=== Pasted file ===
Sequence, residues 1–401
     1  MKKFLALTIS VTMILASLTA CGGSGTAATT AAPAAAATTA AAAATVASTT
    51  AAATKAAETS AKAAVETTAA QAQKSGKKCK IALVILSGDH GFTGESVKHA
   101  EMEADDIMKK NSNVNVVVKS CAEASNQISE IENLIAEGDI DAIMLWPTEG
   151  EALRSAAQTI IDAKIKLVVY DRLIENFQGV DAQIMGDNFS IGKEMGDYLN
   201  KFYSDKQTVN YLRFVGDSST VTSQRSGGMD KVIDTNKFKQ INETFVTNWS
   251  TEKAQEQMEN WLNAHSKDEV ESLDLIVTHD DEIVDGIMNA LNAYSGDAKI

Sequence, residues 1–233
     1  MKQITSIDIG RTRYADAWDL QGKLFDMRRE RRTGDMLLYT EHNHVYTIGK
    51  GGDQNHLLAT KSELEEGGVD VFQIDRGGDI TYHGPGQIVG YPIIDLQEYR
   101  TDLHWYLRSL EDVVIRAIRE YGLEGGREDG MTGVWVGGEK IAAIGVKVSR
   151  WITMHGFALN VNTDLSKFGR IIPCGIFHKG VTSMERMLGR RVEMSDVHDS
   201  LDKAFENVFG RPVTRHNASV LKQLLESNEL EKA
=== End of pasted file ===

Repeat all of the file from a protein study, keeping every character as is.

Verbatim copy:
Sequence, residues 1–401
     1  MKKFLALTIS VTMILASLTA CGGSGTAATT AAPAAAATTA AAAATVASTT
    51  AAATKAAETS AKAAVETTAA QAQKSGKKCK IALVILSGDH GFTGESVKHA
   101  EMEADDIMKK NSNVNVVVKS CAEASNQISE IENLIAEGDI DAIMLWPTEG
   151  EALRSAAQTI IDAKIKLVVY DRLIENFQGV DAQIMGDNFS IGKEMGDYLN
   201  KFYSDKQTVN YLRFVGDSST VTSQRSGGMD KVIDTNKFKQ INETFVTNWS
   251  TEKAQEQMEN WLNAHSKDEV ESLDLIVTHD DEIVDGIMNA LNAYSGDAKI

Sequence, residues 1–233
     1  MKQITSIDIG RTRYADAWDL QGKLFDMRRE RRTGDMLLYT EHNHVYTIGK
    51  GGDQNHLLAT KSELEEGGVD VFQIDRGGDI TYHGPGQIVG YPIIDLQEYR
   101  TDLHWYLRSL EDVVIRAIRE YGLEGGREDG MTGVWVGGEK IAAIGVKVSR
   151  WITMHGFALN VNTDLSKFGR IIPCGIFHKG VTSMERMLGR RVEMSDVHDS
   201  LDKAFENVFG RPVTRHNASV LKQLLESNEL EKA